Zimmerman 'ignored back-off warning'
13/04/2012 - 07:22:26
Neighbourhood watch volunteer George Zimmerman followed and confronted the black teenager he is accused of murdering after a police dispatcher told him to back off, prosecutors in the US said.
Zimmerman, 28, made his first court appearance in Florida yesterday, accused of second-degree murder in the shooting of 17-year-old Trayvon Martin.
The prosecution’s case, outlined in an affidavit filed in support of the charges, appeared to contradict Zimmerman’s claim that Trayvon attacked him after he had turned away and was returning to his vehicle.
In the affidavit, prosecutors also said that Trayvon’s mother identified cries for help heard in the background of an emergency services call as her son’s.
The account of the shooting was released as Zimmerman appeared at a four-minute hearing in a jailhouse courtroom, setting in motion what could be a long, drawn-out process or an abrupt and disappointingly short one for the Martin family because of the strong legal protections contained in Florida’s “stand your ground” law on self-defence.
During the hearing, Zimmerman wearing a grey prison jumpsuit, spoke only to answer “Yes, sir” twice after he was asked basic questions from the judge, who was not in court but on closed-circuit TV. The defendant’s hair was shaved down to stubble and he had a thin goatee. His hands were shackled.
He did not enter a plea – that will happen at his arraignment, which was set for May 29. Zimmerman’s lawyer, Mark O’Mara, has said his client will plead not guilty. A bond hearing for Zimmerman will probably be held on April 20, Mr O’Mara said later.
To prove second-degree murder, prosecutors must show that Zimmerman committed an “imminently dangerous” act that showed a “depraved” lack of regard for human life. The charge carries a mandatory sentence of 25 years in prison and a maximum of life.
The special prosecutor in the case, Angela Corey, has refused to explain exactly how she arrived at the charge. But in the affidavit, prosecutors said Zimmerman spotted Trayvon while patrolling his gated community in Sanford, got out of his vehicle and followed the boy.
Prosecutors interviewed a friend of Trayvon’s who was talking to him on the phone moments before the shooting. His parents’ lawyer has said that he was talking to his girlfriend in Miami.
“During this time, Martin was on the phone with a friend and described to her what was happening,” the affidavit said. “The witness advised that Martin was scared because he was being followed through the complex by an unknown male and didn’t know why.”
During a recorded call to a police dispatcher, Zimmerman “made reference to people he felt had committed and gotten away with break-ins in his neighbourhood. Later while talking about Martin, Zimmerman stated ’these a******s, they always get away’ and also said ’these f*****g punks’, said the affidavit.
It continued: “When the police dispatcher realised Zimmerman was pursuing Martin, he instructed Zimmerman not to do that and that the responding officer would meet him. Zimmerman disregarded the police dispatcher and continued to follow Martin who was trying to return to his home.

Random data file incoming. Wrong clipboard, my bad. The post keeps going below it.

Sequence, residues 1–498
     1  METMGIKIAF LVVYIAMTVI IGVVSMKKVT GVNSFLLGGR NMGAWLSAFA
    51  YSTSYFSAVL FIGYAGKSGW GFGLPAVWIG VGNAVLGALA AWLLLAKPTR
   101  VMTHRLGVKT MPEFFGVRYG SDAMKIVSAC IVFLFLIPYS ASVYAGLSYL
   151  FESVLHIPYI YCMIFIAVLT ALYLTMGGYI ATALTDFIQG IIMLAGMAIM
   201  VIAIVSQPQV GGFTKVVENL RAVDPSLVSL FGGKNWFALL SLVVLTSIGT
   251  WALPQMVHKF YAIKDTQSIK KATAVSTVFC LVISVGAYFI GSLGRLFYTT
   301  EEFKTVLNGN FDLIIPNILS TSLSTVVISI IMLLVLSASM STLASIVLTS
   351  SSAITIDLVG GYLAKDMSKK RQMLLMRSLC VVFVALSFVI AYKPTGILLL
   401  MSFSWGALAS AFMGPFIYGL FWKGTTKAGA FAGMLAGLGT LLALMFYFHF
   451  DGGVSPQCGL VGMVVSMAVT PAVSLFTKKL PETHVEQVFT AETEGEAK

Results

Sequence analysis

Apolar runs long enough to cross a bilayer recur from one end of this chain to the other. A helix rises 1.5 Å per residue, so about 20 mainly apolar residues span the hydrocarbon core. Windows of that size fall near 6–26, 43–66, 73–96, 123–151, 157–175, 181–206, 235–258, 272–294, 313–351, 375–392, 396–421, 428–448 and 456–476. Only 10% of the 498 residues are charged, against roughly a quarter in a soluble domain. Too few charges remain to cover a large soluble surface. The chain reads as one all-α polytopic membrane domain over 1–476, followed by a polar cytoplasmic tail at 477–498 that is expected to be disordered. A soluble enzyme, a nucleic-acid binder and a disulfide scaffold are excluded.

“Zimmerman confronted Martin and a struggle ensued.”
The account provided no details on the struggle other than to say that witnesses heard numerous calls for help and that Trayvon’s mother reviewed the 911 recordings and recognised her son’s cry.
Zimmerman told authorities that Martin attacked him as he was going back to his vehicle, punched him in the face, knocked him down and began slamming head against the pavement.
At yesterday’s hearing, the case was assigned to Circuit Judge Jessica Recksiedler, a 39-year-old former assistant state attorney from Sanford who was elected to the bench in 2010. Zimmerman is being held without bail at the county jail.
For all the relief among civil rights activists over the arrest, legal experts warned there was a real chance it could get thrown out before it went to trial because of the “stand your ground” law, which gives people a broad right to use deadly force without having to retreat from a fight.
At a pre-trial hearing, Zimmerman’s lawyers would only have to prove by a preponderance of evidence – a relatively low legal standard – that he acted in self-defence in order to get a judge to throw out the second-murder charges. And if that fails and the case does go to trial, the defence can raise the argument all over again.
Zimmerman’s lawyer is expected to ask the judge for a hearing on “stand your ground”.
“It is going to be a facet of this defence, I’m sure,” Mr O’Mara said. “That statute has some troublesome portions to it and we’re now going to have some conversations and discussions about it as a state. But right now it is the law of Florida and it is the law that is going to have an impact on this case.”
Martin family lawyer Ben Crump said he wanted to make the repeal or the amending of “stand your ground” laws in Florida and other states to be a big part of Trayvon’s legacy.
“We’re not the wild, wild west,” Mr Crump said.
more stories like this:
- once per day, no spam.